|Classification||Free reed aerophone|
A Chemnitzer concertina is a musical instrument of the hand-held bellows-driven free-reed category, sometimes called squeezeboxes. The Chemnitzer concertina is most closely related to the bandoneón (German spelling: Bandonion), more distantly to the other concertinas, and accordions.
It is roughly square in cross-section, with the keyboards consisting of cylindrical buttons on each end arranged in curving rows. Like other concertinas, the buttons travel in a direction approximately parallel to the motion of the bellows, whereas the keys and buttons of an accordion move roughly perpendicular to the motion of the bellows. A strap, usually of leather, is fitted at each end to hold the player's palm against the instrument for playing. Compare to the English concertina where the thumb holds a strap, the little finger is held on a rest, and the remaining three fingers press the keys. The instrument is bisonoric, meaning that each button corresponds to two notes: one when the bellows is compressed, and another when it is expanded. On most instruments, two or more (and as many as five) reeds sound for each note. The tones produced are either in octaves, unison, or in some combination thereof.
Internal construction is different from other concertinas in that the action more closely resembles that of an accordion, and that the reeds are of steel (rather than brass) and are often fixed in groups of twenty or more to long zinc or aluminum plates, rather than to individual frames. This arrangement resembles that of the Russian accordion, the bayan.
Sources differ whether German inventor Carl Friedrich Uhlig created his first concertina after seeing Charles Wheatstone's instrument of the same name, or whether the two men invented their instruments concurrently and independently. Uhlig's patent dates to 1834, and while Wheatstone patented a related instrument, the symphonium in 1829, he did not patent an instrument under the name "Concertina" until 1844.
Uhlig's first instrument had five buttons on each side, but the keyboard was quickly expanded and as it did so, it diverged into different lineages. Heinrich Band's was sold under the name Bandonion. Several other German instruments were sold under the name concertina (or konzertina), and their keyboard systems were given names based on their creators, as with Band and Scheffler, or their city of origin, as with the Carlsfelder and Chemnitzer systems.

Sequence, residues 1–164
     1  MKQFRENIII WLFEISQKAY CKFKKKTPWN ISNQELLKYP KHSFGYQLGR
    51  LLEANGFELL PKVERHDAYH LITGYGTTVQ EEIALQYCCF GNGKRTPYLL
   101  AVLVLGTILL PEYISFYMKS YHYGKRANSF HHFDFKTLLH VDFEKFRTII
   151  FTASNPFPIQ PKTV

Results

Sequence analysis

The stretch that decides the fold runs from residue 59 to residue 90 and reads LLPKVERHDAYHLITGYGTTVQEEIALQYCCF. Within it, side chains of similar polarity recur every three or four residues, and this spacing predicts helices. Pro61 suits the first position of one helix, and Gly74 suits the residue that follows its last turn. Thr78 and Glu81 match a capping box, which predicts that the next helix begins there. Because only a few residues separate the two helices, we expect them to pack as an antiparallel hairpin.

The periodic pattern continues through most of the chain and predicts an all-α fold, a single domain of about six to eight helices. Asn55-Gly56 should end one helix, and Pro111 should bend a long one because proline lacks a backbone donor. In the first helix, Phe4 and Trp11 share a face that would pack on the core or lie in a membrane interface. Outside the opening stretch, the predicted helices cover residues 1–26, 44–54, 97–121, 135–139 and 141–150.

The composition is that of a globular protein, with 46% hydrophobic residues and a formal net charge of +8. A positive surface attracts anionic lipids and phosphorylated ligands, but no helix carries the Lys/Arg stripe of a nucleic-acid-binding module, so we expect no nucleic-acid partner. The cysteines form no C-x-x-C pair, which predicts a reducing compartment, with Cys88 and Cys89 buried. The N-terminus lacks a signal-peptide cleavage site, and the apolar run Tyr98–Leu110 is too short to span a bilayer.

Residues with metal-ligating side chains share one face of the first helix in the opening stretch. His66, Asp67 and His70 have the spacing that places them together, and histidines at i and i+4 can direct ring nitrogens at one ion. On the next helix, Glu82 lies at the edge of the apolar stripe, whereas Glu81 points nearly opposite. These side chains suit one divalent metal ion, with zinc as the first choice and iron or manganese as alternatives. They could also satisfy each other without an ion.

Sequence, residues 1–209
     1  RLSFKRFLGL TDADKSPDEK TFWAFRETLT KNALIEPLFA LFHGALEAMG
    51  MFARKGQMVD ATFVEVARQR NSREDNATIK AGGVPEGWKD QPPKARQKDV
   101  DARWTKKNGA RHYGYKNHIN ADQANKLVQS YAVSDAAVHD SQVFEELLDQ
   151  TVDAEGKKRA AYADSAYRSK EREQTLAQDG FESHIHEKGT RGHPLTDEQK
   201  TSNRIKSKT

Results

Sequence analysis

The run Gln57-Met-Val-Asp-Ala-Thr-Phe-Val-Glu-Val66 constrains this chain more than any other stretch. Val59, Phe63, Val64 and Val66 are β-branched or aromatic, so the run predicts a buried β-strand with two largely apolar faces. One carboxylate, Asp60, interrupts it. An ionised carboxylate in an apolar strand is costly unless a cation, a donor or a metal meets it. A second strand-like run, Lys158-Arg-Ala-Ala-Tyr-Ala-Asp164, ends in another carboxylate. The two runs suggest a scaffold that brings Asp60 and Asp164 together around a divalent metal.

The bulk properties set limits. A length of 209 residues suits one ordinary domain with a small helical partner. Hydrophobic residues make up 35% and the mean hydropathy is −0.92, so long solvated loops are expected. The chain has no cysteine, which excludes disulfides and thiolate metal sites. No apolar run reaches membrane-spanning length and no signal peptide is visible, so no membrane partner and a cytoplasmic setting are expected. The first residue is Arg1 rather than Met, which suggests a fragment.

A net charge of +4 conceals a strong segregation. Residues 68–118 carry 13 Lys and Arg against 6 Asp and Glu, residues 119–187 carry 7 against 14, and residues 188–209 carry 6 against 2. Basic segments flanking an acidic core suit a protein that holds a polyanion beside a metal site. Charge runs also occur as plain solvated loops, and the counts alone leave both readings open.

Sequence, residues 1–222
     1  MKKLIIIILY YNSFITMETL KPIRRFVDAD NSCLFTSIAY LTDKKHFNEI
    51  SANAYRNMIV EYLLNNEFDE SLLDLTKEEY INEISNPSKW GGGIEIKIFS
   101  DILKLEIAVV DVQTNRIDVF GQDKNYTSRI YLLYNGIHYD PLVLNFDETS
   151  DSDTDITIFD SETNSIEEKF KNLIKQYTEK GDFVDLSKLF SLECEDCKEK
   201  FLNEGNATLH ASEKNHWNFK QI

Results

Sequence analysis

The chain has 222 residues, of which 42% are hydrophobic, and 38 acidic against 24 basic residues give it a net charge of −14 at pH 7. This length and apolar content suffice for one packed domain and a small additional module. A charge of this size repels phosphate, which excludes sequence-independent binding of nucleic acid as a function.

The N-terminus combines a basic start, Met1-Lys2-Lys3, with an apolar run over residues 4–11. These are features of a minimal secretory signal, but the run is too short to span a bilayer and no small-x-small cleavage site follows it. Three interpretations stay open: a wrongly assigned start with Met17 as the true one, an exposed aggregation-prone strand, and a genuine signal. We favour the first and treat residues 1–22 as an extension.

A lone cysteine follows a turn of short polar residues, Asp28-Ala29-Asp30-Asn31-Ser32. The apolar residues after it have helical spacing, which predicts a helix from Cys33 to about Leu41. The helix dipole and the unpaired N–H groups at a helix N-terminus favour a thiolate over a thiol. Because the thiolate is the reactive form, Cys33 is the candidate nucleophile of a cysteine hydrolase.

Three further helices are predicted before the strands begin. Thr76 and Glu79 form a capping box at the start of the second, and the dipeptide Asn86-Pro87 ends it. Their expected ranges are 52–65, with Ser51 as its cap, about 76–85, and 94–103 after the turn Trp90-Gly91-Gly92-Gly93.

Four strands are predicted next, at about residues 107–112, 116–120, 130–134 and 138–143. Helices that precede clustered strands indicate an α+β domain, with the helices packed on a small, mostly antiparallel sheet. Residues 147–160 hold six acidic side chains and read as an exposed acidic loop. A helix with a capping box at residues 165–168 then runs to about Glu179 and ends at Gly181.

Strictly speaking, the Chemnitzer layout is one of 38, 39, 51 or 52 buttons, or one of the American expanded versions of the 52-button system. Especially in English-speaking countries, the term Chemnitzer is frequently applied to any of the square German concertinas that are not bandonions.
The most notable innovations to the internal construction of the Chemnitzer concertina were made by German-American instrument builders in Chicago: Ernest Glass patented an aluminum action in 1912 (U.S. Patent 1,024,771), which was quicker and quieter than earlier wooden actions; his son Otto further improved this action in 1928 (U.S. Patent 1,737,839). Otto Schlicht patented an action in 1932 (U.S. Patent 1,890,830) which improved the pivot method of the action levers and allowed action levers to be manufactured by bending metal stock rather than by die stamping. In 1910, prior to these improvements, Robert Leppert was issued a patent (U.S. Patent 978,460), the specification of which describes in detail an action containing jointed levers between keys and pallets, however the claims of the patent only relate to a means of expression control also described; it is not clear whether Leppert actually invented the action arrangement.
Many American and Italian builders of the 20th century began using reed and reedblock types similar to those used in accordions as a cost-saving measure and to facilitate repair, however many players consider these instruments to be inferior, as they often lack the traditional sound.
The Chemnitzer concertina has been predominantly used in folk music, especially polka music played by Central and Eastern Europeans[who?] and by nineteenth- and twentieth-century immigrants to the United States from those regions. However the instrument, especially in its 52-button and larger versions, is capable of performing in other musical contexts.